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16 September 2006

Pakistan Post stamps of Quaid-e-Azam / Mohammad Ali Jinnah, and his sister Mohtarma Fatima Jinnah

Click for larger.

Abbas Halai said...

little known fact, 9/11 also marks the death anniversary of the quaid-e-azam.
Thu Sep 14, 08:03:23 AM 2006


You mean Jinnah? Why the heck didn't you say so? Ouch you gave me a headache and you made me feel stoopid.

stamps and text from Pakistan Post

"Few individuals significantly alter the course of history. Few[er] still modify the map of the world. Hardly any one can be credited with creating a nation state, Mohammad Ali Jinnah did all three. Hailed as 'Great Leader' (Quaid-e-Azam) of Pakistan and its first Governor General, Jinnah virtually conjured that country into statehood by the force of his indomitable will."

-- Stanley Walport, "Jinnah of Pakistan"

stamp issued 11 September 1998


On December 25, 1876 a child was born in a prominent mercantile family of Karachi who was destined to change the course of history in South Asia and to carve out a homeland for the Muslims of India where they could peruse their destiny according to their faith and ideology.

From his very childhood, young Jinnah developed the habit of stern independence and self-reliance. In 1892, he was called to the Bar at the very early age of 16. He stayed for four years in England and on his return, started his practice in Bombay. The early period was spent in hard and constant labour. However, he soon came to be looked upon not only as a brilliant lawyer, but also as a man of great integrity and character. He was soon elected to the Imperial legislative Council.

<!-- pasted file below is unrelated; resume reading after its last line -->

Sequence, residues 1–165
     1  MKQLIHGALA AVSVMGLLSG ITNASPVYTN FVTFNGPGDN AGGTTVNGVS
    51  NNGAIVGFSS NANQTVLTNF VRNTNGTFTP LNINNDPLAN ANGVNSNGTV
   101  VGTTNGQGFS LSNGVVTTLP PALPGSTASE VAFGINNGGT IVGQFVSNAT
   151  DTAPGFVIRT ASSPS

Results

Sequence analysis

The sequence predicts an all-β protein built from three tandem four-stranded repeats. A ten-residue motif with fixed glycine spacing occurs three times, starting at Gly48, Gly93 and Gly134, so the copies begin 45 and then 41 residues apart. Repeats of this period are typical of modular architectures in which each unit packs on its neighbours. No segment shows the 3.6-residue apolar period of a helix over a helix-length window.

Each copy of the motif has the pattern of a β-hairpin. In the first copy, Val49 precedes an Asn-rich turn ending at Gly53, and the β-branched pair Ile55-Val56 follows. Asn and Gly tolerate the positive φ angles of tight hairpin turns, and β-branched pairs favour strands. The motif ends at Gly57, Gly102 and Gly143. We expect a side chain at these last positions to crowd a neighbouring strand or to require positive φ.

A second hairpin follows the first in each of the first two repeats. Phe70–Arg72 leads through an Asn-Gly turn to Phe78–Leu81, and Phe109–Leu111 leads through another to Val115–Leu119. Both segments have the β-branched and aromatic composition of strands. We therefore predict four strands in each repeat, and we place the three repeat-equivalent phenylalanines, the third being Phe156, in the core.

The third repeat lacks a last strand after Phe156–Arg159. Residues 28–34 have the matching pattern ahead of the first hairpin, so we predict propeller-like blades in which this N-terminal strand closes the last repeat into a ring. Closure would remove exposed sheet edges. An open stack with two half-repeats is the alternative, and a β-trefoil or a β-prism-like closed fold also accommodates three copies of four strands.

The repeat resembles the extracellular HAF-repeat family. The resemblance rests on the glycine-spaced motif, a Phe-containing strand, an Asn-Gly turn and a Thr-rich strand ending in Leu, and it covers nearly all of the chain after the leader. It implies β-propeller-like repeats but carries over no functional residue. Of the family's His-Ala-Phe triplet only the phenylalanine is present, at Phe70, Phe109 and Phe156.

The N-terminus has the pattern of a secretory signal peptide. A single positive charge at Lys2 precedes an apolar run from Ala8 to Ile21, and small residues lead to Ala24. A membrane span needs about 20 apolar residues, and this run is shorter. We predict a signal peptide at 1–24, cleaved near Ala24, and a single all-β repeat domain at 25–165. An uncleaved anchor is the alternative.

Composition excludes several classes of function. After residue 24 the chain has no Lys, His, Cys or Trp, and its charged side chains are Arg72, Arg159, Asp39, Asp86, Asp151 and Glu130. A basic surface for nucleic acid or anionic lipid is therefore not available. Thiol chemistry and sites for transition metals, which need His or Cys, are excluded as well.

Mr. Jinnah began by accommodating the Congress point of view, and was called 'Ambassador of Hindu-Muslim Unity' when he brought about rapprochement between the Congress and the Muslim league in 1916. He soon felt, however, that the Congress was merely a camouflage for consolidating Hindu India at the expense of Muslim, and it was at the London meetings of the Round Table Conference during 1930-32 that he received the shock of his life. "In the face of danger" he said, "the Hindu sentiment, the Hindu mind, the Hindu attitude led me to the conclusion that there was no hope of unity".

Mr. Jinnah returned from England in 1934, and set out to galvanizing the Muslim League into a most dynamic organization. "We are a Nation" he asserted, "with our own distinctive culture and civilization, language and literature, art and architecture, names and nomenclature, sense of value and proportion, legal laws and moral code, custom and calendar, history and tradition, aptitude and ambitions; in short, we have our own distinctive outlook on life and of life. By all canons of international law we are a Nation."

In subsequent years, Mr. Jinnah, popularly known by the title "Quaid-e-Azam" (the Great Leader), came to symbolize the Muslim aspirations for a separate independent homeland, and in 1940 the Muslim League, under his inspiring leadership, demanded that India should be partitioned and the Muslim majority areas should constitute the sovereign, independent State of Pakistan. It was his ardent advocacy and unbending character, his unshakable determination and his power of persuasion that brought about the successful fruition of the Muslim struggle in the shape of Pakistan.

Quaid-e-Azam performed the opening ceremony of the establishment of State Bank of Pakistan on 1st July, 1948. The Quaid-e-Azam was accompanied by Mohtarma Fatirna Jinnah. On arrival, he was greeted by State Bank's first Governor, Mr. Zahid Husain. After having inspected a Guard of Honour of a detachment of Pakistan Army, Quaid- e-Azam took the salute.

The function, among others, was attended by the members of Central Board of Directors of State Bank of Pakistan Sir Maratab Ali Shah, Mr. Wabiduz-Zaman, Mr. Hatim A. Alavi, Mr. Jogesh Das and Mr. Kasim Hussain Kassam Dada. The freedom fighters, Pirzada Abdul Sattar, Sir Gbulam Hussain Hedayatullah, Khawaja Shababuddin. Mr. I.I. Chundrigar, Raja Ghazanfar Ali Khan, Sardar Abdur Rab Nishtar, Sir Zafarullah Khan and Mr. Liaquat Ali Khan were also present to witness the creation of the Bank.